The crux: In many instances, video isn’t an option and many people still appreciate clever, entertaining and/or compelling written content that has been carefully crafted.

Yes – crappy written content is most certainly dead, but excellent, relevant, timely, useful written content is not.

 

Some pieces of writing that have held my attention lately:

This simple yet warming blog post about rice on The Patterned Plate

This recent post by a straight man about how he was ‘defriended’ over the wedding of his gay brother

Aleksandar Hemon’s gripping and devastating piece about his daughter’s plight with a brain tumour on The New Yorker

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Three excellent marketing campaigns from this week

Every day we see so many ads. Brands and ads are literally everywhere with us from when we wake up until when we fall asleep, and for many of us, brands, products and experiences even accompany us in our sleep.

As a marketer, I assess ads and promos for a number of qualities, such as:

  • Is this beautiful?
  • Is this powerful?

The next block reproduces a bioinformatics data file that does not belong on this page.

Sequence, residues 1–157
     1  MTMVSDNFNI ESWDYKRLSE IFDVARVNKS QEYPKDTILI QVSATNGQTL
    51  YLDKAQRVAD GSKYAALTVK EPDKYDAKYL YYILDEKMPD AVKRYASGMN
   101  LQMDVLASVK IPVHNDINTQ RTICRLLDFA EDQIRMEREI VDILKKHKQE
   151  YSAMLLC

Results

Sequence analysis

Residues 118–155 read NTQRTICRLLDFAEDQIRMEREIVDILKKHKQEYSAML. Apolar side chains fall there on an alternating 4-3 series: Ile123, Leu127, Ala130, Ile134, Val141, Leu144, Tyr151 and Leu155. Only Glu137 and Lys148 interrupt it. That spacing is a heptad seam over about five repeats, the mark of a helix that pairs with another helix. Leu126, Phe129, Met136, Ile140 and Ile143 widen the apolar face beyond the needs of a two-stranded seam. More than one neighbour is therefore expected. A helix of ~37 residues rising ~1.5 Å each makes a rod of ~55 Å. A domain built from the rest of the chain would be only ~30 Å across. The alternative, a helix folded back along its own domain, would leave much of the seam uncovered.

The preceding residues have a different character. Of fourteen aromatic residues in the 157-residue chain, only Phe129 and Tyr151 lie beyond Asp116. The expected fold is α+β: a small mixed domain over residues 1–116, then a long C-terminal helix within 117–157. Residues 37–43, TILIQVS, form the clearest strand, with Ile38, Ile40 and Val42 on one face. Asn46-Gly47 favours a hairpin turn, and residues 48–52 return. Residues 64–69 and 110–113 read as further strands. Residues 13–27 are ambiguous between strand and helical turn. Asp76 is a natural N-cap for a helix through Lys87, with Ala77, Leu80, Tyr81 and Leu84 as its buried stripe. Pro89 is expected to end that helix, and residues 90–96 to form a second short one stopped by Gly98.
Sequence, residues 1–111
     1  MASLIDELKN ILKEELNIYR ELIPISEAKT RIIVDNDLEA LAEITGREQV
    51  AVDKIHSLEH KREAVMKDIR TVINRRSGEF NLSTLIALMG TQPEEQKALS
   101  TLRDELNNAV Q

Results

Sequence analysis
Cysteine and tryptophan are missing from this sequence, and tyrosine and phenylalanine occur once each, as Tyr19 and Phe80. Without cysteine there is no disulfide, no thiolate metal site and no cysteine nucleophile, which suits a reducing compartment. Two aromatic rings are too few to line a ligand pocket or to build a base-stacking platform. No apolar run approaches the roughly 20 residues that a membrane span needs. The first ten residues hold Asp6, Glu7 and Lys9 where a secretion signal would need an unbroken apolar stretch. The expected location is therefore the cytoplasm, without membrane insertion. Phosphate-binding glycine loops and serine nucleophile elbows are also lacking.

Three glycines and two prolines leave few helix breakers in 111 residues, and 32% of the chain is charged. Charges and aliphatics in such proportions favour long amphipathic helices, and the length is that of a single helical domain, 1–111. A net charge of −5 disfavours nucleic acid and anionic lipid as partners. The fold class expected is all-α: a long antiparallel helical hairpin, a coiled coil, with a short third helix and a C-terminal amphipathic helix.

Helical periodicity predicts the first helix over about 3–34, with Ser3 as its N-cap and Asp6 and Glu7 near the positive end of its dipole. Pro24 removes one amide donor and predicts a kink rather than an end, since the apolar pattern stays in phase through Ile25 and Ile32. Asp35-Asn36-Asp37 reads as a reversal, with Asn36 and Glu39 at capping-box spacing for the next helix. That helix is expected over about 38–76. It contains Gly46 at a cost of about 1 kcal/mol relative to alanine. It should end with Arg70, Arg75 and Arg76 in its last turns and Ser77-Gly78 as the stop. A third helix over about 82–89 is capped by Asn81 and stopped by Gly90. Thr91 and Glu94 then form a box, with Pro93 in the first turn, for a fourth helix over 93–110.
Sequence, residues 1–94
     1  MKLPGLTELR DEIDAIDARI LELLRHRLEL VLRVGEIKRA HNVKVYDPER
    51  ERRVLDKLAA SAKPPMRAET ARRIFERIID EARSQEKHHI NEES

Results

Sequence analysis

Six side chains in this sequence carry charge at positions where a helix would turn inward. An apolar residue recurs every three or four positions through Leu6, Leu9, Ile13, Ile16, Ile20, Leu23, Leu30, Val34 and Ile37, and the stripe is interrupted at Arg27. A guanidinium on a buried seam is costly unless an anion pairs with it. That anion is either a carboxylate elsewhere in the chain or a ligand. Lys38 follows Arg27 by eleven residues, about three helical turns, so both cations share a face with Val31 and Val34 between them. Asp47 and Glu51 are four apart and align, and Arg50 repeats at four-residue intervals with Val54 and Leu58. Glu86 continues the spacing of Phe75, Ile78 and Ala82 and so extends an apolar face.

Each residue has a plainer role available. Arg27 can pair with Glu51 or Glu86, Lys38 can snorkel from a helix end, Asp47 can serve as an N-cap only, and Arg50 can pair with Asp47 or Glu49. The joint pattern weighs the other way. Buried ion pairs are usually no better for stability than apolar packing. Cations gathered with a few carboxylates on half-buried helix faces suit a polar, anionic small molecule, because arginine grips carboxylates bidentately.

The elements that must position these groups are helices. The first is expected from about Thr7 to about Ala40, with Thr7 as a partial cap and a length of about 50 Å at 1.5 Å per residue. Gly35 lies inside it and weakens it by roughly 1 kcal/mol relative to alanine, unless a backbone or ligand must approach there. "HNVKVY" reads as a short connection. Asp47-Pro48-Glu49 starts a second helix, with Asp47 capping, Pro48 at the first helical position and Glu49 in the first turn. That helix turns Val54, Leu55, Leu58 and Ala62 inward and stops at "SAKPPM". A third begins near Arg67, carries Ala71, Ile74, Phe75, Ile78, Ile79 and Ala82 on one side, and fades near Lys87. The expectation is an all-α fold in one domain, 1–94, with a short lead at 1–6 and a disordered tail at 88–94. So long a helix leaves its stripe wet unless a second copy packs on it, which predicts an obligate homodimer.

• Is this effective?
  • Would this drive anyone to buy/investigate further/visit a website?

This past week I came across three very good campaigns that ticked the boxes.

1) The Smith Family’s interactive board in Pitt St Mall for the Winter Appeal 2012
It set out to attract foot traffic, and it did. A very clever way to engage and appeal to our emotional side. Kids are playing together, and then run toward you. The top of the billboard says, “Step towards the screen to join in.” When you do, the kids look up and run away together, leaving you by yourself. The explanation then comes: “It’s hard being left out. This is how over 600,000 disadvantaged Aussie kids feel every day. Donate to make a difference.”

2) Emirates’ guitar players at Pitt St Mall
The sound of seven or so synchronised Spanish guitars during your lunch break is appealing to say the least. These players drew a crowd and in the middle of a chilly day, really made you think how nice it would be in a balmy Spanish summer from next month, flying Emirates’ new services from Sydney to Barcelona or Lisbon, of course.

3) Australian War Memorial Canberra’s Martin Place tents
The sign reads, “Australians in the first World War. 330,000 men went to war. Just 3,000 nurses to offer aid”
It couldn’t have been a better day for it. With the air crisp and the skies drawn, the tents looked solemn and morose. What a way to make you stop and think. This experiential marketing campaign was there to promote the Australian War Memorial’s latest exhibition, called Nurses: from Zululand to Afghanistan

Have you seen any ads or campaigns that caught your eye recently?